Summertime is reflection time

Yes, summer break has finally arrived! In fact we have been enjoying the break for a week already, but it takes (or it took me) a few days to slow down and shift gears. Now, far away from Lausanne, I spend my days reconnecting with family, reading books, sleeping and … reflecting. Yes, summertime is a well-known IMD MBA reflection time too.

It is seven days since we came back from the discovery expedition and I sit down to think through what this experience means to me, what I have seen. But do not worry – my colleagues described the highlights so well already that I will not repeat it all over again! Instead, let me share few observations with you.

Key success factors. Silicon Valley, Shenzhen, Dublin – all three seem to be very different, yet I think there is a common foundation of their success – each location created its own, very favourable environment for innovation and the growth of the tech industry.

  • Silicon Valley profits from the availability of talent from top technical universities (Stanford, Berkeley, UCLA) along with a legal framework that does not allow anti-competitive clauses.
  • In Shenzhen, the friendly and supportive (also financially) local government created liberal conditions for tech investment.
  • Finally, Dublin benefits from the stable and long-term investment policy of the central government that keeps low and stable corporate taxation along with free technical education to encourage the flow of FDI into Ireland.

None of the tech hubs was born overnight. It took years to reach the current state of development, but their examples show how powerful and difficult to copy a solid, long-term strategy and development could be.

Key ‘failure’ factors. Interestingly, all three hubs are plagued with the same challenge – rapidly raising real estate prices and living costs. With costs of living comparable to the most expensive financial centres of the world, not only locals, but also incoming tech talents find it challenging to finance a decent living standard – a situation that can become a key threat to further growth if it is not resolved in time.

Culture and mindset. Thinking about differences among the tech hubs, culture and mindset came to my mind as the biggest, single difference among them, especially between Silicon Valley and Shenzhen. I am European – born and raised in the Western culture, I have seen and heard the Silicon Valley mantras of taking risks, trying things and failing fast, being ready for the next challenge. And these concepts equally apply to Shenzhen. What I found different, however, is the approach towards sharing ideas and taking real life application to the next level.

What I saw in the U.S. are people who speak about their ideas as loudly as possible, trying to validate their thinking before investing much time and effort into development. Having talked with entrepreneurs in China, I think the things work differently there – you keep your head low, work hard and fast to develop your idea, hoping to get ahead of the fierce competition that will put an enormous pressure on you the second you start getting attention. Limited IP protection and the general readiness to immediately copycat solutions can, at least partially, explain the different approach in China.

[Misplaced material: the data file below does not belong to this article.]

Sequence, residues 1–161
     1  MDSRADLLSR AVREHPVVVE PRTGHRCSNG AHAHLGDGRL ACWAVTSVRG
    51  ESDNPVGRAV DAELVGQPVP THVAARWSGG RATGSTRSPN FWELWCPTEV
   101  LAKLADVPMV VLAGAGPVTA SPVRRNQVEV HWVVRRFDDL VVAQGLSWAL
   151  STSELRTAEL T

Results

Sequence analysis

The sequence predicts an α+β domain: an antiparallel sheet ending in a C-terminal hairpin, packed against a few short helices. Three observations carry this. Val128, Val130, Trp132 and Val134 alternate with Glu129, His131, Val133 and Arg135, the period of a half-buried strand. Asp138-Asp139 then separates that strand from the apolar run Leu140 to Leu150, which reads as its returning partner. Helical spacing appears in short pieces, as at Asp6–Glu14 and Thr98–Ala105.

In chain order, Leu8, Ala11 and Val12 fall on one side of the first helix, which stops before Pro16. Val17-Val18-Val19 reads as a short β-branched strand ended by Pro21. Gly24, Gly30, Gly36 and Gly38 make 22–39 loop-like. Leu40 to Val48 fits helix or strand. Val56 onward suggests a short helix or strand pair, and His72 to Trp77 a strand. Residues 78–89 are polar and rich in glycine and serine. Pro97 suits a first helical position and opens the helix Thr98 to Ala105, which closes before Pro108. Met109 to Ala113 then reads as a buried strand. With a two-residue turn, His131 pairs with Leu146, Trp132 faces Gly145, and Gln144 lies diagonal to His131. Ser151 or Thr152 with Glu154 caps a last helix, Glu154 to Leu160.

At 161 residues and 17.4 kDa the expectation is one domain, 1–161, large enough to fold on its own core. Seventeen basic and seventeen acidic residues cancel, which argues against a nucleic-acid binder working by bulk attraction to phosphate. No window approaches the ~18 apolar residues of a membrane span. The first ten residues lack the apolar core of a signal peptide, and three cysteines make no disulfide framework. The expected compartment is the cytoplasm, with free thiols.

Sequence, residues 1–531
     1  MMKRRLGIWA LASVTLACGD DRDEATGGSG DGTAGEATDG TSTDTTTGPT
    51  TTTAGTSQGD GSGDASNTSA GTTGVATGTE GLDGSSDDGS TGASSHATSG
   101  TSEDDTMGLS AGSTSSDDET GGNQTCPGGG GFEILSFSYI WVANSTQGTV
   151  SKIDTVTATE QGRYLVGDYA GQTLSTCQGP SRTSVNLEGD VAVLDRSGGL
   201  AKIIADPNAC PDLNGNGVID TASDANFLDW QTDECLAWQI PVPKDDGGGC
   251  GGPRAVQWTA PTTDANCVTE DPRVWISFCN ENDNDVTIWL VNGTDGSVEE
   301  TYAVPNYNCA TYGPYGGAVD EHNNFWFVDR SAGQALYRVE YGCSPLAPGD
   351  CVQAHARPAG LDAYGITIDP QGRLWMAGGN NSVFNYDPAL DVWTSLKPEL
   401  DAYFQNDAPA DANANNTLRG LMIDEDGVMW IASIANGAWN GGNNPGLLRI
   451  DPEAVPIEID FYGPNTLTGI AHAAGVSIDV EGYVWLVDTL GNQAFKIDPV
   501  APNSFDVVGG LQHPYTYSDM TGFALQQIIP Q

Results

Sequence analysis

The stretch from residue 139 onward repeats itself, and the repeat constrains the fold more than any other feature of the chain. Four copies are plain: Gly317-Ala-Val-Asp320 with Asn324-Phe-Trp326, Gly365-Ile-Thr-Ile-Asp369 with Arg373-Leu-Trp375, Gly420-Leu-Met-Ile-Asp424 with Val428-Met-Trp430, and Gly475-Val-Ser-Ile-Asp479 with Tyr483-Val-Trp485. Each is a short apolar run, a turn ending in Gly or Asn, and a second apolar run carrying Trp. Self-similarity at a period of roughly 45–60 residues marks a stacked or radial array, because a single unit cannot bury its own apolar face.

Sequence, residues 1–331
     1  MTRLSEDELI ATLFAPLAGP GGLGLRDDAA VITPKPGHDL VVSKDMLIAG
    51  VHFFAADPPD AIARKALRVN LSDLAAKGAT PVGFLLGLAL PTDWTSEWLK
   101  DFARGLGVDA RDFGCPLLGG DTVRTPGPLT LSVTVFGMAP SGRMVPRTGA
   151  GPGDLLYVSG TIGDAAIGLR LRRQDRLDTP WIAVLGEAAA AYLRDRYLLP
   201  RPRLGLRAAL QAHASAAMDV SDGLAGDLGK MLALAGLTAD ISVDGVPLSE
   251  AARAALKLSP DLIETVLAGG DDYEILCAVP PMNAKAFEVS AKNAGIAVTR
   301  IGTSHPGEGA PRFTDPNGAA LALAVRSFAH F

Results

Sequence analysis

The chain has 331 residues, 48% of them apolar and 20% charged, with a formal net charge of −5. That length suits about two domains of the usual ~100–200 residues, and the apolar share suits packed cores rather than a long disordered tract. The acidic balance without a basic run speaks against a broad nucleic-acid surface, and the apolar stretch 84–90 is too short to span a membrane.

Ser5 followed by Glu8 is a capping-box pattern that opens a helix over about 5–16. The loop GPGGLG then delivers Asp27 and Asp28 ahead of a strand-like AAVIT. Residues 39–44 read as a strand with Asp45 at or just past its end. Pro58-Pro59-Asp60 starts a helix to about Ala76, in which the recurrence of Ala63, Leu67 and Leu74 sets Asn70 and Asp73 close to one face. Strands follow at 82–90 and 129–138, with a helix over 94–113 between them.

On the other hand, Chinese entrepreneurs are willing to, and can, put their ideas into action much faster and deeper than their colleagues in the West, especially in heavily regulated areas such as e.g. healthcare. Let’s take as an example the AI-supported decision tools that in the West are mainly in the testing stage. In China they are already applied across multiple large hospitals, allowing for collection of real world data and further development and adjustments of the solutions at a pace that more conservative legal frameworks of the West do not allow for.

The race to become the next technological leader of the world has already begun. Who will be the next leader? Or perhaps we will not have a clear leader anymore? I do not know the answer, yet I strongly believe that cultural and legal aspects will play a significant role in the game with East and West having its strengths and its weaknesses when it comes to technological advancement.

Luckily, I have a few more days of the summer break to reflect further on it before the next marathon starts…

Lukasz

Discovery Expedition Part 2 – China

After a 14 Hour hop over the Pacific the class touched down in Hong Kong, en route to Shenzhen, for the second and much anticipated part of the MBA Discovery Expedition 2019!

For many of the class this was our first visit to China and came against the backdrop of increasing trade tensions between the US and our new hosts… An interesting moment to discuss and learn more about the rapid rise of the private sector here in China!